DAVID GREENE, HOST:
Minnesota stayed in the Democrats' column in November, but President Trump made inroads there. His populist appeal won over many white, working-class voters. Trump, for example, easily carried the state's eighth congressional district, which President Obama had carried twice. NPR national political correspondent Don Gonyea has been in that part of the state talking to people all week. He joins us on the line from Duluth on the shores of Lake Superior. Hi, Don.
DON GONYEA, BYLINE: Indeed, good morning.
GREENE: Good morning. You said - you tweeted out this amazing story from up in Minnesota of a young moose being rescued, having fallen through the ice, by people. I mean, it was so heartwarming but just a reminder to me that it is not very warm there. It's still winter.
GONYEA: (Laughter) And those kinds of stories happen in April up here, yes.
GREENE: Yeah. But you're - I mean, comfort zone for you. You're a Michigan guy.
GONYEA: Exactly, exactly.
GREENE: So what does this - what does this district look like? Tell me about it.
GONYEA: First off, it's massive. It runs from just north of the Twin Cities almost 300 miles up to the border with Canada. There are exurbs. There are tons of lakes. There is mining. It includes the Iron Range and timber forests. You've got towns like Duluth and Brainerd and Hibbing, which is where a songwriter named Bob Dylan was born. And some other numbers for you - it's 93 percent white, unemployment is low, right around the national average.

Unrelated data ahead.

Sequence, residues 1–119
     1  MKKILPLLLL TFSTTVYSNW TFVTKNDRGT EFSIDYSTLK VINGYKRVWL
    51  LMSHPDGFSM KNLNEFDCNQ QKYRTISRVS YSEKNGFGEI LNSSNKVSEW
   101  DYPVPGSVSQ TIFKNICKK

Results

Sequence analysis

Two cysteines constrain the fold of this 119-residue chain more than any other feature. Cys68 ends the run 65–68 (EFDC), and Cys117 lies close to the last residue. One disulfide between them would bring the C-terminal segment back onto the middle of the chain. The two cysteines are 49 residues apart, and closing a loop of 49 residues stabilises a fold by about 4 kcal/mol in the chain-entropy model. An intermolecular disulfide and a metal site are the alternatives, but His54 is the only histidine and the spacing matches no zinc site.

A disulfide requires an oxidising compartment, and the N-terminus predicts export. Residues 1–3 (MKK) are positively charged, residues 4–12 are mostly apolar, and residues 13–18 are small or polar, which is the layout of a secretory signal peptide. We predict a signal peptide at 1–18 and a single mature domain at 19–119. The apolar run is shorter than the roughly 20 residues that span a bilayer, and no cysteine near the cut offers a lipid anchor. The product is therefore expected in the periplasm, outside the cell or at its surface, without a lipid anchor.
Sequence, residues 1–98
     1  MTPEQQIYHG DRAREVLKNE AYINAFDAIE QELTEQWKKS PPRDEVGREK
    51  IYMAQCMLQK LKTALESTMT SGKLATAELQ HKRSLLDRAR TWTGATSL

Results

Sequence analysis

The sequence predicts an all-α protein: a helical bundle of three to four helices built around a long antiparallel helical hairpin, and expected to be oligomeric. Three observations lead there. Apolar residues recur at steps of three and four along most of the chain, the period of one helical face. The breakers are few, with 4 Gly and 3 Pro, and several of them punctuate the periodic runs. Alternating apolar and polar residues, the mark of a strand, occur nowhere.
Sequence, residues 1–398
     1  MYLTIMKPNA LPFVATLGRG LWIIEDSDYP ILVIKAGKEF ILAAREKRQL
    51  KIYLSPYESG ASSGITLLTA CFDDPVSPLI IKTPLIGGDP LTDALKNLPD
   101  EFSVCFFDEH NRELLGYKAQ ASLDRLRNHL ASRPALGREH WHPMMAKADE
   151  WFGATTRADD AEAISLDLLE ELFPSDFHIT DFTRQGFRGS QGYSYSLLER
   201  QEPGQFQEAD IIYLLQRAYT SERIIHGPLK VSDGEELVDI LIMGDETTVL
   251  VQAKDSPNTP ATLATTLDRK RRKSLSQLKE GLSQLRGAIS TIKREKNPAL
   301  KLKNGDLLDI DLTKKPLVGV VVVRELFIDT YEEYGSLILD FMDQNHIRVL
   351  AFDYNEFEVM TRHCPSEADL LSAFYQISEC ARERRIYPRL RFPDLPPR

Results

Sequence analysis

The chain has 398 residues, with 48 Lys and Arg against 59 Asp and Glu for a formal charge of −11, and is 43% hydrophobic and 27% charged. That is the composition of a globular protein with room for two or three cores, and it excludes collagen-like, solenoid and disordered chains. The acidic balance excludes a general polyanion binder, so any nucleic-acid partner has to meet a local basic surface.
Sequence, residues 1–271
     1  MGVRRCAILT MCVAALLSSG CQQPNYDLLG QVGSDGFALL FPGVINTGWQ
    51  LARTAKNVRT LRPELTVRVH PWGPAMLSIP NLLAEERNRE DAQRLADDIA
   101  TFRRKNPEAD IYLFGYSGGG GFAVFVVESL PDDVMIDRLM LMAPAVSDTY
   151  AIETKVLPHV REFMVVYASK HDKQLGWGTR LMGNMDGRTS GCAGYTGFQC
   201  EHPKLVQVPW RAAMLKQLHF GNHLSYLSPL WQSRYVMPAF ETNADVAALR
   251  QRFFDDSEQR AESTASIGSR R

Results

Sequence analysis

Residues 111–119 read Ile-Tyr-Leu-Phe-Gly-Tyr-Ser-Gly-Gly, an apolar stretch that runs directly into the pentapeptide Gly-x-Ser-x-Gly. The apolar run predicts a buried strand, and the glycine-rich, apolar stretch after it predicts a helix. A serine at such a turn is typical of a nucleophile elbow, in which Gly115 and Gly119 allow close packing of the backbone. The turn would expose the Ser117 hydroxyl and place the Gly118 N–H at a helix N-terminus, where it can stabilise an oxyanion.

GREENE: OK. So Obama won this district twice. Trump then does really well there and wins that district. What do people think about Donald Trump now, you know, as we're approaching 100 days in?
GONYEA: Let's start at a coffee shop in the town of Grand Rapids, Minn. - population just under 11,000. It's got a big papermill. There some iron mines nearby. I sat down with local resident Tom Saxhaug. We looked out the front window at a giant mural on a building across the street with the characters from "The Wizard Of Oz" painted on it. It's there because Dorothy, Judy Garland, is also from here.
TOM SAXHAUG: She was born here in 1922 at the old hospital, which is just across the river. My dad was born here in 1922 too so - and I was born at that same hospital.
GONYEA: Saxhaug is a former state lawmaker and a Democrat, but he says not a liberal Democrat.
SAXHAUG: Pro-gun, pro-mining - not everybody agrees with me but most union Democrats do.
GONYEA: He is now retired because he narrowly lost his state Senate seat last year as Trump won big in this part of the state. But Saxhaug says he is pulling for Trump.
OK, so just so I'm clear, you're a Democrat saying this.
GONYEA: You're one of those Democrats who legitimately says you want him to do well because that's good for the country.
SAXHAUG: Exactly. That's exactly right, yeah.
GONYEA: He says if Trump can broker, say, a big infrastructure deal, that would be good for everybody. Now, at a table over by the far wall sits retired teacher Frieda Hall having lunch with a friend. She says she's mortified by what she's seen from Trump so far. I asked her if it's been what she expected.
FRIEDA HALL: Yes, exactly what I expected, a total chaotic mess.
GONYEA: She says Trump is living up to his promise to be a disruptive force.